Documentary evidence reveals that Jews have lived in Prague since 970 C.E. By the end of the 11th century, a Jewish community had been fully established. By the 12th century a ghetto is known, although, throughout the centuries Jews were not always confined there. By the early 18th century, more Jews lived in Prague than anywhere else in world and in 1708, Jews accounted for one-quarter of Prague’s population. Unfortunately, the golden age ended with the ascension of Empress Maria Theresa who expelled the Jews from Prague from 1745 to 1748.
Jews returned to Prague and conditions improved during the reign of Emperor Joseph II (1780-90) who issued the Edict of Toleration in October 1781. Jews were allowed to participate in all forms of trade, commerce, agriculture and the arts and were encouraged to build factories and school systems. They were even allowed to attend institutions of higher learning.
During the 19th century, Jews gradually became emancipated and temporary civil equality was granted under the law in 1849. The ghetto was abolished in 1852 and the Jewish section, Josefov, became a district of Prague. From the 1830s to the 1870s, Jews began to adopt the German language and assimilated German cultural patterns. Following the 1870s, however, the growth of Czech nationalism increased the level of antagonism felt by the Jews. By the last quarter of the 19th century, a network of Jewish institutions dedicated to Czech-Jewish acculturation emerged; however, not all Jews supported them - some remained faithful to German language and culture, while others favored the new ideology of Zionism.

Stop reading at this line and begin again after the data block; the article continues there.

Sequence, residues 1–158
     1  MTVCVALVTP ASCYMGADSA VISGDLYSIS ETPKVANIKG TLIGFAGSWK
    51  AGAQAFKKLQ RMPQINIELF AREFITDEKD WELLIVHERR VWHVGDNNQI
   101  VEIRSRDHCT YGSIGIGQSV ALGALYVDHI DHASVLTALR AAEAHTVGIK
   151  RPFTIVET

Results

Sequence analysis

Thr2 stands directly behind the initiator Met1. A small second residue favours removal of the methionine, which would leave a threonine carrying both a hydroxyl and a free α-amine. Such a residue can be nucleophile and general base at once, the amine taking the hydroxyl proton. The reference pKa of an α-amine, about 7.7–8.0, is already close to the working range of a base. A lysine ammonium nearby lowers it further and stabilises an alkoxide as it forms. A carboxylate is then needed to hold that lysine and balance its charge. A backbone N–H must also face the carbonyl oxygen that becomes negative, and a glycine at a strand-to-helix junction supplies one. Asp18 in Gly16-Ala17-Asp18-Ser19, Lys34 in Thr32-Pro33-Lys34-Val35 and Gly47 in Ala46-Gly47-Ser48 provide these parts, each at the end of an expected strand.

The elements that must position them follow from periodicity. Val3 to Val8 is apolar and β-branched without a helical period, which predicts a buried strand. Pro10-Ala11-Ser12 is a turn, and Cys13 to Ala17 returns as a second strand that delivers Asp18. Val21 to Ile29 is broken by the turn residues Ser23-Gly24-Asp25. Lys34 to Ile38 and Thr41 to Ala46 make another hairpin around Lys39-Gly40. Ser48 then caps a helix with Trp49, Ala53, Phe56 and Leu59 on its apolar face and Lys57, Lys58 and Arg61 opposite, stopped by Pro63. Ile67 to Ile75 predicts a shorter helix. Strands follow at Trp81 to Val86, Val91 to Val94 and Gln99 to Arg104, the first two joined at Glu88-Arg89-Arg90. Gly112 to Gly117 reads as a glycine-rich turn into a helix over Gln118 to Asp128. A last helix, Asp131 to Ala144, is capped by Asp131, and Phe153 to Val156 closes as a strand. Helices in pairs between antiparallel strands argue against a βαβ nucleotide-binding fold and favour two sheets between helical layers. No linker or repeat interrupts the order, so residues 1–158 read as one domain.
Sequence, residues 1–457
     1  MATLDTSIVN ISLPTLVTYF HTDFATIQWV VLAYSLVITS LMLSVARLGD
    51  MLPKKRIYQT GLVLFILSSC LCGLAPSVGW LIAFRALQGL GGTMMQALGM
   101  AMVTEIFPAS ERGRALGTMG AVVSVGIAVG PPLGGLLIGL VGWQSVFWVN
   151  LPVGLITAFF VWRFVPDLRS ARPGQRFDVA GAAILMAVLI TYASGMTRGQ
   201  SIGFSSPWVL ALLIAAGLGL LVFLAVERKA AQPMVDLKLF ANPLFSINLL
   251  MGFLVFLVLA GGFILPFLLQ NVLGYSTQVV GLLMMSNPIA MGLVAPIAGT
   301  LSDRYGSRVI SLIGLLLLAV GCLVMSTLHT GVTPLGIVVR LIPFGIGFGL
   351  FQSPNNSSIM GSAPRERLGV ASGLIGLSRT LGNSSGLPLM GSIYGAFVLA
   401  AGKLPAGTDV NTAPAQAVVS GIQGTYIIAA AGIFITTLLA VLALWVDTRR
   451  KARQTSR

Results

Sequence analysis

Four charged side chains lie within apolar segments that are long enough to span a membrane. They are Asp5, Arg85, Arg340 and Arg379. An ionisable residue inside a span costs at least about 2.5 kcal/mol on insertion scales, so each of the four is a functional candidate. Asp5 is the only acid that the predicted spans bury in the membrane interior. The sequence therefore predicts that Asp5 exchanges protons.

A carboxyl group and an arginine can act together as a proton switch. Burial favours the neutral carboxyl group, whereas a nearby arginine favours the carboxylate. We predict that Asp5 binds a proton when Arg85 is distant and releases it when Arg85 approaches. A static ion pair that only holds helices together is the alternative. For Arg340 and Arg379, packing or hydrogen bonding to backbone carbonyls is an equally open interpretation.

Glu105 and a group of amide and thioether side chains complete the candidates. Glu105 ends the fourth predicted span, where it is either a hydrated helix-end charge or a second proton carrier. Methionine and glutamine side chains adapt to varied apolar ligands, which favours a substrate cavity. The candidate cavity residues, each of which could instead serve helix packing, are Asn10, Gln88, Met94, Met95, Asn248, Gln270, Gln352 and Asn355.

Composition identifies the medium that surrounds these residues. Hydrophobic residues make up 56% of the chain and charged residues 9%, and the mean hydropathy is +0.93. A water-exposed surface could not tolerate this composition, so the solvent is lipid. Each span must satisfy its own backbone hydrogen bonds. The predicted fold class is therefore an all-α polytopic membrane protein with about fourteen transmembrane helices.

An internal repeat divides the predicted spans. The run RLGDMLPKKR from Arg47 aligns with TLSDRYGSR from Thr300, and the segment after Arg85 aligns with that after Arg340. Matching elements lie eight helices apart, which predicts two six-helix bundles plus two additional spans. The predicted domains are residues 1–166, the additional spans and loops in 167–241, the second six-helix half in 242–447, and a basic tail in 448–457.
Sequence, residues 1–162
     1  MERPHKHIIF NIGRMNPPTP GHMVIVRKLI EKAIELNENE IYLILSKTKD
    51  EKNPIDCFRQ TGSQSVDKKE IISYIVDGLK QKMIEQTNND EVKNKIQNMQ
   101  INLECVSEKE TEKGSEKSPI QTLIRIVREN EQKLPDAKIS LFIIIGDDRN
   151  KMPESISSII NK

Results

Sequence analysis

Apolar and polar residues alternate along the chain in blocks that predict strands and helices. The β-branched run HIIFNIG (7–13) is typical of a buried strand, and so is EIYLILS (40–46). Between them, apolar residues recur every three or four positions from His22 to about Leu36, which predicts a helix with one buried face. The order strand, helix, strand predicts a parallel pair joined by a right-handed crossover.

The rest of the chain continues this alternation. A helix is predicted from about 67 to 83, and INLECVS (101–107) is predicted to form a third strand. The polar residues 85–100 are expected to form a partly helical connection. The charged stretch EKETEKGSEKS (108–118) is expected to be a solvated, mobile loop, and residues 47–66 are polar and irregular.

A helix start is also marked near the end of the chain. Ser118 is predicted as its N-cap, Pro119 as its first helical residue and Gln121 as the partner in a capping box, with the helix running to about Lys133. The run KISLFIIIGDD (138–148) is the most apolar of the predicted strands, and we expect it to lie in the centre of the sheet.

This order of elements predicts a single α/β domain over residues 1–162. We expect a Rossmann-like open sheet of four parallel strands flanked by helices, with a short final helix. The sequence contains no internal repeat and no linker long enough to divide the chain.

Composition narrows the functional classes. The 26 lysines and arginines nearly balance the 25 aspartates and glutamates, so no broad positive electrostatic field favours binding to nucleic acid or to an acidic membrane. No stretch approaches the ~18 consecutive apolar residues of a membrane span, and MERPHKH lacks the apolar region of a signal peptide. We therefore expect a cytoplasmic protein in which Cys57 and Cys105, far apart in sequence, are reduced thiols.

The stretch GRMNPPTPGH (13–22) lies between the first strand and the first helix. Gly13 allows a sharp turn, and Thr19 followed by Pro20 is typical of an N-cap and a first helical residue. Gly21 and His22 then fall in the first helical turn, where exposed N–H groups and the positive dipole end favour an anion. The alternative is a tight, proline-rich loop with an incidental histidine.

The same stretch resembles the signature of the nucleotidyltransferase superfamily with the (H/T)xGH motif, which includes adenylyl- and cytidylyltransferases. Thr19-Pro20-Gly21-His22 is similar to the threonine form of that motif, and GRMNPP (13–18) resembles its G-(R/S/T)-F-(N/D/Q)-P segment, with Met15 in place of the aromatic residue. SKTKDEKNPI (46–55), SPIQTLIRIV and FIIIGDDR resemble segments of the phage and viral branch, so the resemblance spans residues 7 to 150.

German was spoken widely among many members of the Prague Jewish community and continued to be taught despite the tensions with the Czech-Jewish nationalists. During the first decades of the 20th Century, German-speaking Jews in Prague produced a large body of internationally acclaimed literature. The most famous of these writers were Franz Kafka, Max Brod and Franz Werfel. This is the last generation of writers and intellectuals in Prague before the outbreak of World War II.
On March 15, 1939, Germany occupied Czech lands. At the outbreak of World War II, over 92,000 Jews lived in Prague, almost 20 percent of the city’s population. Prague was one of the largest Jewish communities in Europe. At least two-thirds of the Jewish population of Prague perished in the Holocaust.
Besides the main building, the Jewish Museum rents the Old Jewish Cemetery, the Pinkas Synagogue, the Ceremonial Hall, the Klausen Synagogue, the Maisel Synagogue and the Spanish Synagogue from the Jewish Community to display items belonging to the museum.
Of the remaining Prague synagogues, the Spanish Synagogue and the Old-New Synagogue (the oldest still existing synagogue in Europe) are the most famous ones. The Spanish Synagogue, which got the name for its impressive Moorish interior design, is the most recent one, built in 1868. The Old-New Synagogue is, on the other hand, the oldest active synagogue in Europe. It was built in 1270 in the Gothic style – one of the first Gothic buildings in Prague.
Also the Maisel Synagogue (from 1592), The Pinkas Synagogue (1535) and – the biggest one – The Klausen Synagogue (from 1694), are located in the Prague Jewish Quarter.
SOURCES FOR THE ABOVE:
Prague Jewish Quarter (Ghetto): Cemetery, Museum & Tours